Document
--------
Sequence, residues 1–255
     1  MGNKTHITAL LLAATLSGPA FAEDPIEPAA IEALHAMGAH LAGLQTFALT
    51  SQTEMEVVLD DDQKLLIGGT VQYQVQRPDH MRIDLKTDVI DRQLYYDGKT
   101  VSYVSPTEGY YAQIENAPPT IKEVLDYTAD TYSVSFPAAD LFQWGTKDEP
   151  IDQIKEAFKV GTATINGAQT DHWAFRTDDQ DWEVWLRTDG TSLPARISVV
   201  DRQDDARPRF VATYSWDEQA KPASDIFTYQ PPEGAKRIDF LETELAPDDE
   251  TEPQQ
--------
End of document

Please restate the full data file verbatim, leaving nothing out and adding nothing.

Sequence, residues 1–255
     1  MGNKTHITAL LLAATLSGPA FAEDPIEPAA IEALHAMGAH LAGLQTFALT
    51  SQTEMEVVLD DDQKLLIGGT VQYQVQRPDH MRIDLKTDVI DRQLYYDGKT
   101  VSYVSPTEGY YAQIENAPPT IKEVLDYTAD TYSVSFPAAD LFQWGTKDEP
   151  IDQIKEAFKV GTATINGAQT DHWAFRTDDQ DWEVWLRTDG TSLPARISVV
   201  DRQDDARPRF VATYSWDEQA KPASDIFTYQ PPEGAKRIDF LETELAPDDE
   251  TEPQQ